Then on my way to lunch from that interview, I happened across Cardinal Schoenborn, president of WACOM, and seized the day. The cardinal recognized the name of Stockbridge, and sent a special greeting to all Marian Helpers who live and spread Divine Mercy:

Cordial greetings to Stockbridge, to all the devotees of Divine Mercy! Some of you, I have already met in different occasions. All my blessings and best wishes, and go on courageously to be witnesses of God’s mercy, of Christ’s love, of Our Lady’s mercy. Be witnesses of mercy.

And what’s been the highlight of the Congress for you so far?

I think yesterday the witness of the victims of the violence and their readiness [for] forgiveness and their call to mercy for reestablishing peace in this deeply wounded country.

So, Marian Helpers, you’ve been commissioned by the cardinal: Be witnesses of mercy.

2 p.m.
The apostolates haven’t been idle this Congress.

The Mother of Mercy Messengers (MOMM), Dave and Joan Maroney, have been distributing stickers related to their Divine Mercy for America campaign which say “Have mercy on US and on the whole world!”

Dr. Bryan Thatcher, founder of the Eucharistic Apostles of the Divine Mercy (EADM) has been distributing contact information and sharing his cenacle manuals with all and sundry, greeting old friends and making new contacts for the spread of the cenacles throughout the Congress.

Nurse Marie Romagnano, founder of Healthcare Professionals for Divine Mercy, and Fr. Seraphim Michalenko, MIC, representing the John Paul II Institute of Divine Mercy, have been spending time with the bishops and cardinals, building relationships that will help the Marians’ mission of mercy for a long time to come.

One Healthcare Professional for Divine Mercy, Dr. Helen Jackson, took a bundle of Spanish-language Divine Mercy chaplet prayer cards and began walking amongst the local people gathered at the back of the schoolyard, distributing the cards to whomever would take them. Many took several for friends and family, as well.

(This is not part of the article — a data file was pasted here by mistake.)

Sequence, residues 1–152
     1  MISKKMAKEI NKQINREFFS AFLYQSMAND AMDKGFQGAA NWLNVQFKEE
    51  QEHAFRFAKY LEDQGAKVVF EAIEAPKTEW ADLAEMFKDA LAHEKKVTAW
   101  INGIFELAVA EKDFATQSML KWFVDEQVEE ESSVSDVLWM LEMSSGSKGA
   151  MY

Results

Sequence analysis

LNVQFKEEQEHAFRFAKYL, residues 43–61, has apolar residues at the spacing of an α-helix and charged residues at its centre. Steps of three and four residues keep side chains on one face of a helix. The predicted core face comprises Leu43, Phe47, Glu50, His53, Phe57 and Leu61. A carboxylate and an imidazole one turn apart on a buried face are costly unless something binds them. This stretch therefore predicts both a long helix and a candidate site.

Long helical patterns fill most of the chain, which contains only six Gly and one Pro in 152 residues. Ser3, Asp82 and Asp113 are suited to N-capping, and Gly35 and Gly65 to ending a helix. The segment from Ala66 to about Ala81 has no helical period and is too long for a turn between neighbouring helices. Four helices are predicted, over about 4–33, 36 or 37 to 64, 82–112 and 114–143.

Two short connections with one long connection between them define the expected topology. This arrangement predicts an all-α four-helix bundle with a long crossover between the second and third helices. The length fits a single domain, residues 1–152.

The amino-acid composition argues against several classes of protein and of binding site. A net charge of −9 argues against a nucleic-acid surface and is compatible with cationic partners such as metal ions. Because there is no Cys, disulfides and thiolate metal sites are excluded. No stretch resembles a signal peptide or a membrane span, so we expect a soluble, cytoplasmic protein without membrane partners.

The afternoon has been a “festival of mercy,” with much praise and worship, many testimonies (all, I believe, in Spanish), and a talk by Cardinal Orani Tempesta, archbishop of Rio de Janeiro in Brazil and the host of the 2013 World Youth Day (WYD). He interwove reflections on the WYD just passed with the teaching of Pope Francis on that occasion on mercy and his challenge to youth to be witnesses of Jesus’ mercy in the world.

Man, it’s joyful in this square.

At 3 o’clock, of course, the Congress paused to observe the Hour of Great Mercy. Guess who got to help lead a decade of the Chaplet in English? Drs. Bryan Thatcher and Helen Jackson! The Chaplet was followed by further prayer, praise and worship, and all the fervor a crowd of Divine Mercy pilgrims can muster. Many in the crowd would either hold up a copy of the Divine Mercy image or have one at their seats which they venerated during the times of prayer.

Later, when the festival had resumed, I caught sight of Dave and Joan Maroney, Fuente de Misericordia editor Marcela Murillo, Dr. Bryan Thatcher, and Dr. Helen Jackson on the move, so, of course, I tagged along. As we passed through the back entrance of the schoolyard between several Policia Nacional, I found out that Fr. Kaz Chwalek, MIC, provincial superior for the Mother of Mercy Province, had said we had to see Fontibon’s Catedral de Santiago Apóstol (the Cathedral of St. James, Apostle). So to the cathedral we went.